The events of the novel The Night Reporter take place in Lviv in 1938. Journalist Marko Krylovych, nicknamed the “night reporter” for his nightly coverage of the life of the city’s underbelly, takes on the investigation of the murder of a candidate for president of the city government.
While doing this, he ends up in various love intrigues as well as criminal adventures, sometimes risking his life. Police Commissioner Roman Obukh, who was suspended by administrators from the murder investigation, aids him in an unofficial capacity. Meanwhile, German, and Soviet spies become involved, and Polish counterintelligence also takes an interest in the investigation. The picturesque and vividly described criminal world of Lviv of that time appears before us – dive bars, batyars, and establishments for women of ill repute.
The reader will have to unravel riddle after riddle with the characters against the background of the anxious mood of Lviv’s residents, who are living in anticipation of war. The Night Reporter is a compelling journey into the world of the enthralling multicultural past of the city.
This book has been published with the support of the Translate Ukraine Translation Program.
Only logged in customers who have purchased this product may leave a review.
Alla Perminova is a practicing literary translator, an independent researcher and an educator based in Barcelona, Spain. She received her doctoral and postdoctoral degrees in translation studies from Taras Shevchenko National University of Kyiv where she worked as a full professor for 15 years. She is Oleh Olzhych National Literary Contest first prize winner (1997), Fulbright senior scholar (The Pennsylvania State University, 2012-2013), the co/author of 70 scholarly articles, co/translator and/or editor of 15 books, presenter of over 30 talks at international conferences. Her personal philosophy as a translator and a researcher is discussed in her book A Translator’s Reception of Contemporary American Poetry (in Ukrainian, 2015), in which she promotes the reception model of literary translation.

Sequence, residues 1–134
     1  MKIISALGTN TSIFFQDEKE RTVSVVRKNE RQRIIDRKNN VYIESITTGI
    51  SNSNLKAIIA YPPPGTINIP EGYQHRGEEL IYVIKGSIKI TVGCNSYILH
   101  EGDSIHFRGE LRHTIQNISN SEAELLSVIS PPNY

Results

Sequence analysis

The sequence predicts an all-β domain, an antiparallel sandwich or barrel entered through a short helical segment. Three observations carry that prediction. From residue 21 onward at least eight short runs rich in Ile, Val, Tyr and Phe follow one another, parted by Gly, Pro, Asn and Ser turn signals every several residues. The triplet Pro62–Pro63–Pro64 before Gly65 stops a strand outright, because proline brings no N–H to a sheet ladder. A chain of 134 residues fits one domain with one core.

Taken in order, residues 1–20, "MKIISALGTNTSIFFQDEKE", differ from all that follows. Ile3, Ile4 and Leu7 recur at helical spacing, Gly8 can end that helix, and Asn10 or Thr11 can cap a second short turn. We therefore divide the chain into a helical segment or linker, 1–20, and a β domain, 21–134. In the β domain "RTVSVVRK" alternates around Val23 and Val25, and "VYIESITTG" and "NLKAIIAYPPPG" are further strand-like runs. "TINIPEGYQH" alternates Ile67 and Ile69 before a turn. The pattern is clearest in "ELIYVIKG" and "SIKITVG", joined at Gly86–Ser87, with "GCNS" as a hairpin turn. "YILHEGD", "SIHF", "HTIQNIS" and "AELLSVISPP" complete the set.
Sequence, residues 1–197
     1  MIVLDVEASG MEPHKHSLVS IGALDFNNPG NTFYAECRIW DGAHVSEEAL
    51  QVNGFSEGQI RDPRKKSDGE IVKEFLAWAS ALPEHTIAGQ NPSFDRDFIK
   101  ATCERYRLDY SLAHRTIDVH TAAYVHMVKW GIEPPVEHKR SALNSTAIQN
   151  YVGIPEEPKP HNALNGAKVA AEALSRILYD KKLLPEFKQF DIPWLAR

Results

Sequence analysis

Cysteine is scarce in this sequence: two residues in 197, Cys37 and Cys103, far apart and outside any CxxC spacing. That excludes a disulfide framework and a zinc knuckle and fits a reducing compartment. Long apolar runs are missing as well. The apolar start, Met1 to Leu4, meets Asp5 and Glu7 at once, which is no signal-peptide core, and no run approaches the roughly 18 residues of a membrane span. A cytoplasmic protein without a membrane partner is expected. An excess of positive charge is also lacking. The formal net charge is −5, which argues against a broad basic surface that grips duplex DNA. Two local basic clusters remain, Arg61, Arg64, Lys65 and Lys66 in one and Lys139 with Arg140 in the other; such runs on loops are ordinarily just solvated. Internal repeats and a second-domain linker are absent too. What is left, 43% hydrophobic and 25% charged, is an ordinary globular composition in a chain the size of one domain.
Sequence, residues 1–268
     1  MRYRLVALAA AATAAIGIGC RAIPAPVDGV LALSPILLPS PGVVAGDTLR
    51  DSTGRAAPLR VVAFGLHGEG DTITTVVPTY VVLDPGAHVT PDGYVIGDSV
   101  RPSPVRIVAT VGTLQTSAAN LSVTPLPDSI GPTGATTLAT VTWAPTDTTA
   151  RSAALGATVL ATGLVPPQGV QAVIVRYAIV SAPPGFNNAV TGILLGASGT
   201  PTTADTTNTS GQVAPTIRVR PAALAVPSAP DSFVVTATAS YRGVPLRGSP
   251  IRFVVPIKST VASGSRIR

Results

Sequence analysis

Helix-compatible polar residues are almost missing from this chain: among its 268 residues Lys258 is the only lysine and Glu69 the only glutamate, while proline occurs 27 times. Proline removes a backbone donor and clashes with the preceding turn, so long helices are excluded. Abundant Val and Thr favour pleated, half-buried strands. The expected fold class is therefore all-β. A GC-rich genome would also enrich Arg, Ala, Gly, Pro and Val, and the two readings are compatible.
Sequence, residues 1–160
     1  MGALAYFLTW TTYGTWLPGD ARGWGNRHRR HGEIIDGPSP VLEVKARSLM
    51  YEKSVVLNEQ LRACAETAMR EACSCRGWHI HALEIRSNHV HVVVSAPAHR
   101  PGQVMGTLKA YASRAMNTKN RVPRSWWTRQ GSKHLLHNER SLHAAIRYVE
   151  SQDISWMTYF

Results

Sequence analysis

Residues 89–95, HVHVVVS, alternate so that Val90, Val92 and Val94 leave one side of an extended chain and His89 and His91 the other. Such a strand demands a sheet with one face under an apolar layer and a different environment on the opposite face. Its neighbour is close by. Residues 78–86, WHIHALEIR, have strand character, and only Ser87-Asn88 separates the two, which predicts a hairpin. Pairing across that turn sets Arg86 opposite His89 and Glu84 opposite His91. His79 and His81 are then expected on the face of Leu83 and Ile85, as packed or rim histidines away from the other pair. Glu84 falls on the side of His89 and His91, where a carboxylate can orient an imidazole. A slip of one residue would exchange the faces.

Michael Naydan is Woskob Family Professor of Ukrainian Studies at The Pennsylvania State University and works primarily in the fields of Ukrainian and Russian literature and literary translation. He has published over 50 articles on literary topics and more than 80 translations in journals and anthologies. He has translated, co-translated or edited more than 40 books of translations, including Selected Poetry of Bohdan Rubchak: Songs of Love, Songs of Death, Songs of the Moon (Glagolsav Publications, 2020); the novels Sweet Darusya: A Tale of Two Villages and Tango of Death (both with Spuyten Duyvil Publishers, 2019); Nikolai Gumilev’s Africa (Glagoslav Publications, 2018); Yuri Andrukhovych’s cultural and literary essays, My Final Territory: Selected Essays (University of Toronto Press, 2018); and Abram Terz’s literary essays, Strolls with Pushkin (Columbia University Press, 2016). His novel about the city of Lviv Seven Signs of the Lion appeared with Glagoslav Publications in 2016. He has received numerous prizes for his translations including the George S.N. Luckyj Award in Ukrainian Literature Translation from the Canadian Foundation for Ukrainian Studies in 2013.
Endorsements and Review Quotes
“If you think all East European novels are long, slow, and heavy, you have not encountered any of Yuri Vynnychuk’s historical crime stories. Set in 1938 in the Ukrainian city now known as Lviv, they read like novels set in Chicago or Los Angeles by Raymond Chandler or Mickey Spillane. The central character in The Night Reporter is Marko Krylovych, an investigative journalist who does his research after sunset in the drinking dens of Lviv. The book is written almost entirely in dialogue—quickfire exchanges with few speeches. Description is short and crisp. The story is about gangsters, corruption and murder. The women are beautiful and as ruthless as the men.” Edward James, Historical Novel Society